Words by Sean Moeller, Illustration by Johnnie Cluney, Sound engineering by Patrick Stolley
A rustling of dead, papery autumn leaves seems to be cast in the harvest-time mood of what you're about to or just finished listening to from Philadelphia's Hoots & Hellmouth. It is with gentle, gravitational bursts, bolts and bottoming-outs that these boys from Pennsylvania lay their smoke-in-the-flannel bluegrass into the twilight moon-powered evening. It's not necessarily for the dinner crowd and it's not for those just back from tubing down the snaking, choppy river - happily sunburnt and looking for that needed beer. It's for those hours of digestion post-meal and before one makes the decision to imbibe too much or just continue on the pathway of maintaining a dull roar of inebriation.
There will be thoughts of mortality mingling with every different faction of people-being-people stories, leaning toward those of the hard-working, blue-collared men and women with two mortgages and mouths to feed, even if it's only their own two mouths. It's put into perspective that we can all be pinched and when we see a man in a bind, it's for one of two reasons - love or money - and rarely anything in between. It's how we're kept from blinking too many extra times, these absolute trouble-making subjects that there's no help escaping from or diminishing or cutting out of our lives. They are - next to food and water - some of the necessities that are part of the wellness scheme. Love of and for friends and family and a general ability to stay in the black financially are strong points that everyone - including this band of rustic buddies - addresses with predictable regularity. Sean Hoots sings, "I'm broke as shit. Bankrupt," leaving very little up to the imagination as to where they're coming from, but he sounds neither unhappy nor downtrodden about his status, just stating a fact that we've all had or still have as our own.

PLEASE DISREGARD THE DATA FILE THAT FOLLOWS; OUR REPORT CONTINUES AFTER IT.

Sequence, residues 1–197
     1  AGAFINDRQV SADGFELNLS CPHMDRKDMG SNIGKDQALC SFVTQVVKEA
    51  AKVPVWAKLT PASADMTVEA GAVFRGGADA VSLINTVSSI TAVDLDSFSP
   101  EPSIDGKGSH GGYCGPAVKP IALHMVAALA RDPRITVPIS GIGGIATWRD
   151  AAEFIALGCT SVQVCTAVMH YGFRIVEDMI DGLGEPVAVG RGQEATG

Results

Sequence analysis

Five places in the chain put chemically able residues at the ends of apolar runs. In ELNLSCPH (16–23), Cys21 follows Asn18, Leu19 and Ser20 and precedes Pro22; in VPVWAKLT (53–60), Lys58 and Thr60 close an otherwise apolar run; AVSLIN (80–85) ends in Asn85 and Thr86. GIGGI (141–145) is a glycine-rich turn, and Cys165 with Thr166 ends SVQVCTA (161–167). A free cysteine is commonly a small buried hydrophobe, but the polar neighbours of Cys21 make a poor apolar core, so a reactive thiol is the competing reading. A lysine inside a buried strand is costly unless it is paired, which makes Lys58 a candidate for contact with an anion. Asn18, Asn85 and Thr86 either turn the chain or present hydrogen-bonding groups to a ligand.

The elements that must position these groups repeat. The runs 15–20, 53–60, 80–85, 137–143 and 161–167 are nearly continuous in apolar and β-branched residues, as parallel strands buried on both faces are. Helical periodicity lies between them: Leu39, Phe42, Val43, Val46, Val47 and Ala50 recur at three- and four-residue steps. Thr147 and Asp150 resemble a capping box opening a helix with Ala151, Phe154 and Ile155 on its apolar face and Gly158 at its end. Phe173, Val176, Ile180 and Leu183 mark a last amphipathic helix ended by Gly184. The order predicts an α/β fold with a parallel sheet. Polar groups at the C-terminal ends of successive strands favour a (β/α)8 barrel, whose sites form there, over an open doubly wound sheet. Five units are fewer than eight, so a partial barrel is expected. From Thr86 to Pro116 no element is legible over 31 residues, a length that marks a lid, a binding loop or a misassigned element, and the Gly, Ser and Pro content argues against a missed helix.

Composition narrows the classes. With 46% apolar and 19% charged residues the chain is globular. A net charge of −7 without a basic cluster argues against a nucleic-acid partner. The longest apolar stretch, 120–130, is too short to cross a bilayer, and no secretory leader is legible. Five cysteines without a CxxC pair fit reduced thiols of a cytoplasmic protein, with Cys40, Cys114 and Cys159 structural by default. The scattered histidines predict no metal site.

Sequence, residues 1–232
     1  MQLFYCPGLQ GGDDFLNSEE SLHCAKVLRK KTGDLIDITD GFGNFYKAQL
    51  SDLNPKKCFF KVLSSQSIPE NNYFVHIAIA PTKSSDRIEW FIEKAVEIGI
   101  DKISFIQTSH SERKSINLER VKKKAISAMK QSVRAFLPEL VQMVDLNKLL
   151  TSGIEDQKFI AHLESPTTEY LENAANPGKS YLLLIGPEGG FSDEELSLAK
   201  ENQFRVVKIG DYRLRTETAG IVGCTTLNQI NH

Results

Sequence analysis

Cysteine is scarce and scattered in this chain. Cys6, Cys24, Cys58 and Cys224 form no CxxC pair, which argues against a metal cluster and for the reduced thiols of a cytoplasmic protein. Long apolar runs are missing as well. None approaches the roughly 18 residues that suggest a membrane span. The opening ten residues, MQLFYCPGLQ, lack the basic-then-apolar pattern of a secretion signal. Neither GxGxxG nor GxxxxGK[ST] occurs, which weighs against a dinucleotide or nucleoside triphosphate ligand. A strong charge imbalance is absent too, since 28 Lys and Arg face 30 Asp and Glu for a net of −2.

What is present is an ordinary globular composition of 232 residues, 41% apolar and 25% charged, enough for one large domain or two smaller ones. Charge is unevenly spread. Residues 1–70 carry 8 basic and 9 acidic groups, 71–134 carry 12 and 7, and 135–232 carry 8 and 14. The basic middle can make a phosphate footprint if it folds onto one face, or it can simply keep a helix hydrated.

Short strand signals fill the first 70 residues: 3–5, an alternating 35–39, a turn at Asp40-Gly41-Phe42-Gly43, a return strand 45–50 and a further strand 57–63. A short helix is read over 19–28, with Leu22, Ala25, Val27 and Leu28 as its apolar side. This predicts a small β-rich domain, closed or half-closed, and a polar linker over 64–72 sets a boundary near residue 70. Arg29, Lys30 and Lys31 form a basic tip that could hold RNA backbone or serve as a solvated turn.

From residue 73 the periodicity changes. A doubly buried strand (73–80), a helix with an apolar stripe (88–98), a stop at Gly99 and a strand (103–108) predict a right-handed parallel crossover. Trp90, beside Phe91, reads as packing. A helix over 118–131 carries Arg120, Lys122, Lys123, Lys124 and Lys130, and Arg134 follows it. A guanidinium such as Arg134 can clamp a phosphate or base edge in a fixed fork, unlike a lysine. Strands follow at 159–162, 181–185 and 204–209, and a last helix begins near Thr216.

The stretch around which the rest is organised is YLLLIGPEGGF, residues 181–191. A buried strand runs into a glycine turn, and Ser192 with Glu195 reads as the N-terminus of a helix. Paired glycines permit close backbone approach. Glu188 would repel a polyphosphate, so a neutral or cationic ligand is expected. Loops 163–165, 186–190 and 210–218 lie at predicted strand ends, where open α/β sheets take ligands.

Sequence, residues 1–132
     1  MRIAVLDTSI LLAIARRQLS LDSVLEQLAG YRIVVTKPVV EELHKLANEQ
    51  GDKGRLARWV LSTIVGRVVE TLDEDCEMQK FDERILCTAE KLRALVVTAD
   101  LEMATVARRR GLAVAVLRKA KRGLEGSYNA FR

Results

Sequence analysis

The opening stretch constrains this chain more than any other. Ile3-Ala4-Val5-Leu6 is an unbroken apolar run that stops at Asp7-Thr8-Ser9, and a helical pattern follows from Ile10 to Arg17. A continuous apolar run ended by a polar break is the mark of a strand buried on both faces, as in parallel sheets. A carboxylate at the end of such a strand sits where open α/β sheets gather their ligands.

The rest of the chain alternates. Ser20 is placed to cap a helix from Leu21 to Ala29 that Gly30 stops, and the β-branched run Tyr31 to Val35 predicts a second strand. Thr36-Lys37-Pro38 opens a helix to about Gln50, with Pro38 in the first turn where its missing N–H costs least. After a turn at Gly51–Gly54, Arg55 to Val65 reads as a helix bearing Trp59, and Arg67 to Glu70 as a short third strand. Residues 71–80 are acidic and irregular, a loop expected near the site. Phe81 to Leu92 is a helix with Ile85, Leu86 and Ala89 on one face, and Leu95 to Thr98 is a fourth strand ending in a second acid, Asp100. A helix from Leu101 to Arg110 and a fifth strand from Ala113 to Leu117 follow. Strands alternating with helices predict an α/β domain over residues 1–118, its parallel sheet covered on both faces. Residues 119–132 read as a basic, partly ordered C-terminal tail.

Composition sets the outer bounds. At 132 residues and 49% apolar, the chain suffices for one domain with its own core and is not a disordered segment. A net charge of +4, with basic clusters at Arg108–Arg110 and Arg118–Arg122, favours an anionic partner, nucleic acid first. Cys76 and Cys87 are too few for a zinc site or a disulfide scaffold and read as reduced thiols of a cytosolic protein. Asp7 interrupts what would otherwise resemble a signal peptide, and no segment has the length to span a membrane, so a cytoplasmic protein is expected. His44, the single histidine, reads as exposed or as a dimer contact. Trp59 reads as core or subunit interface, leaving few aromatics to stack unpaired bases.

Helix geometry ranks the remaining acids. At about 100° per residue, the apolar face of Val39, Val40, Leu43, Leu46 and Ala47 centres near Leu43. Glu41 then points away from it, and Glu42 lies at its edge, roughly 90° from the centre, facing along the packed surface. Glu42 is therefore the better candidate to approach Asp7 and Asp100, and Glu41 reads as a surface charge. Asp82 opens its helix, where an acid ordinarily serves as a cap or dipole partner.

With an up-tempo feel to the way he presents the facts, there's nothing about it that makes it feel as if the poverty is a lead belt, pulling him down to the muddy bottom of the lake. The petty grievances we have with the world are lost on the guys from Hoots, finding themselves filed between "don't give a shit" and "you're worried about that?" There are more important priorities to keep steady about - like a commonwealth of camaraderie and high regard for brotherhood, finding a spot for everyone to be included at the big table. The songs on the band's eponymous full-length debut bulge with the kinds of homegrown sentiments and billowing, hayrack ride flavors that could only be grown within the ground, raised up through the natural process rain water, nutrient-rich soil and abundant sunshine. The songs have toothpicks in the corners of the same mouths that are spitting out watermelon seeds and tobacco juices, giving off a raw as tree bark consistency that is wooden floor sheen. Hoots again sings to remind us what the band's all about, "Give me something pure. Give it to me good." It's the modus operandi that oversees all of the other minor operations that could ever arise. It's about no artificial parts or preservatives, just the ugly ass truth - and the horse that it rode in on.